YOUR AM WRITES: South Wales East AM Jocelyn Davies

First published in News South Wales Argus: Photograph of the Author by

For some time now, Cardiff Airport has been in the headlines although sadly not for good reasons. Our national, and for Argus readers, our local airport has seen declining dwindling numbers of passengers, fewer routes on offer and the airport has slumbered from profit to loss.

Indeed, those numbers make for sobering reading. Passenger numbers declined by 118,000 in the first part of this year compared to the same period last year and the airport reported a loss of £319,000 in 2011.

A task group was established earlier this year by the First Minister and it is pleasing that steps will be taken to improve the airport’s image and the flights on offer. I very much welcome the news that the airport will undergo a rebranding and that a new route to Malaga has been secured.

But the kind of transformation needed means that much more action is required.

Cardiff is our national airport and a national airport providing a wide range of links and a high standard of facilities is no longer a luxury – it is a necessity, especially in an age where national economies are inter-dependent, where global competition can leave countries lagging behind.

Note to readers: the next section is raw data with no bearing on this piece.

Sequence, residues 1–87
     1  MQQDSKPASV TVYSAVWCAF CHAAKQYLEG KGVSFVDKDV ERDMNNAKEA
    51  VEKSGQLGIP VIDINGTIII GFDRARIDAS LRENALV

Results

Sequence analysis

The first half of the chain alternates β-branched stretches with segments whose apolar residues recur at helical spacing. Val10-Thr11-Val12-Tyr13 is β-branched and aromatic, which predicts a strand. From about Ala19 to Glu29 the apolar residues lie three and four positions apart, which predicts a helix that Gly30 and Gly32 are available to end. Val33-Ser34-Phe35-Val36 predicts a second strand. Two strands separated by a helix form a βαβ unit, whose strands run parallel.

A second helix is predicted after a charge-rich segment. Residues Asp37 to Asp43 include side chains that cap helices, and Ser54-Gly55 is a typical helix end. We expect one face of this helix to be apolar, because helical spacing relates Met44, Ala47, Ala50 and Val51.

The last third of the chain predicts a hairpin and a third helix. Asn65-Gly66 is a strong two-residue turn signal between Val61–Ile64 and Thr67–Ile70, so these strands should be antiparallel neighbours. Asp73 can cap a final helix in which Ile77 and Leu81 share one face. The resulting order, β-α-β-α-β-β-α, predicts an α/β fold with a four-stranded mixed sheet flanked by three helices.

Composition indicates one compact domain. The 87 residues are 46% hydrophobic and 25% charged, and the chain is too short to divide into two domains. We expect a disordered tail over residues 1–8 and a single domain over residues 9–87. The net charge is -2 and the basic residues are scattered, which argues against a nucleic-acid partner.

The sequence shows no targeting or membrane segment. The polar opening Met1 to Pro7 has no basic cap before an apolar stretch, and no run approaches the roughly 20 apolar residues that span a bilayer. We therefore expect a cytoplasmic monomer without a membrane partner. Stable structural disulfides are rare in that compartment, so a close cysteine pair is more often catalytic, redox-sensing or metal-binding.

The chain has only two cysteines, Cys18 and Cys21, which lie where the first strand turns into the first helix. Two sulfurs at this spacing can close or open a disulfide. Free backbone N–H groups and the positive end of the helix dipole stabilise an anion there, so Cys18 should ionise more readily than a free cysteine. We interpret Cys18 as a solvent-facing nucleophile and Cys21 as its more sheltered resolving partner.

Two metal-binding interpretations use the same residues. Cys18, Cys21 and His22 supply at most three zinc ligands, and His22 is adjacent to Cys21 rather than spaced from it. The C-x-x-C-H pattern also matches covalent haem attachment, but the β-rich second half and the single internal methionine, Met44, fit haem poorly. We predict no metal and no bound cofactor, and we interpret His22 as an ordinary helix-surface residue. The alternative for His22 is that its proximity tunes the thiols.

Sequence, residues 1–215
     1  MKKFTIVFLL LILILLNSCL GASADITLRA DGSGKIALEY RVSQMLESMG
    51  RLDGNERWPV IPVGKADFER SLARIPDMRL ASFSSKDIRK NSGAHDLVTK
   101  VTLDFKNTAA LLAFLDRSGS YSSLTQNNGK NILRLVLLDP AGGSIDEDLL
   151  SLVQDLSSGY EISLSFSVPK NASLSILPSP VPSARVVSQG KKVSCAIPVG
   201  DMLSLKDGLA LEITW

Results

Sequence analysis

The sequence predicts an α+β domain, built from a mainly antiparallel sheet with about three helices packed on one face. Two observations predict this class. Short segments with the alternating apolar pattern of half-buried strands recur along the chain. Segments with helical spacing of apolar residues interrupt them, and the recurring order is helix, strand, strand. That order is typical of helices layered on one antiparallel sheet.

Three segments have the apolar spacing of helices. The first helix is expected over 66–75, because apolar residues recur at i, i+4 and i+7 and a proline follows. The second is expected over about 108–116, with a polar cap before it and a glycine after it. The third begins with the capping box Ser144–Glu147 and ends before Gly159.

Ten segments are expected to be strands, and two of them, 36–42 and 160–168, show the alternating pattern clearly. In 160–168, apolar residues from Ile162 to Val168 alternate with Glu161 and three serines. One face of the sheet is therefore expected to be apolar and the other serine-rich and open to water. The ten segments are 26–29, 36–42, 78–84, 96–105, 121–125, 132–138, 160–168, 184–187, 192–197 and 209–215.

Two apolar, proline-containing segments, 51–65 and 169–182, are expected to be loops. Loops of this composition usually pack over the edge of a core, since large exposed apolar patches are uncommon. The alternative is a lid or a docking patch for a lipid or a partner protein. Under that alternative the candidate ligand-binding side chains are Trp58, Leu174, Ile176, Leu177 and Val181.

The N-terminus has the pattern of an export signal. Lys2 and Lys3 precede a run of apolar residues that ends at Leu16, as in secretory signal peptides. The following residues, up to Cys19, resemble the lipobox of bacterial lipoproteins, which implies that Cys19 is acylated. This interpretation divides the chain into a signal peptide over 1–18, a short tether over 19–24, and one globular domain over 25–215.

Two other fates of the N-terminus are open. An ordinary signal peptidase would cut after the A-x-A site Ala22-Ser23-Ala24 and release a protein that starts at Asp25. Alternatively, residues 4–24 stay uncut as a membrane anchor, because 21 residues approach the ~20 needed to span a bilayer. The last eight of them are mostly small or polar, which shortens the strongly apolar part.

Of course there are would be local benefits to a revamped Cardiff Airport.

Many readers will travel to Bristol or Birmingham or even one of the London airports for their annual holiday. If Cardiff expands with greater choice for the people of Gwent, I’m sure the added convenience would be greatly welcomed.

It’s clear that a face-lift would not be sufficient and that’s why Plaid Cymru, the Party of Wales, are calling for a public stake in the airport. The airport was in public hands until 1995 and it is our firmly held view that a public stake would result in the airport working in the public interest; providing a better service and better links that will benefits holiday-makers and help boost our country’s economic prospects.

There’s nothing new in governments holding stakes in airports. In Denmark, the capital’s airport is 40% government owned, and despite strict European regulations on such ownership, it clearly can be done.

This could ensure that the guiding principles of our national airport would be more resources for route development, funding to improve facilities, attracting business customers and foreign companies, who will then bring investment. I look forward to the First Minister’s Task Group considering our suggestions.

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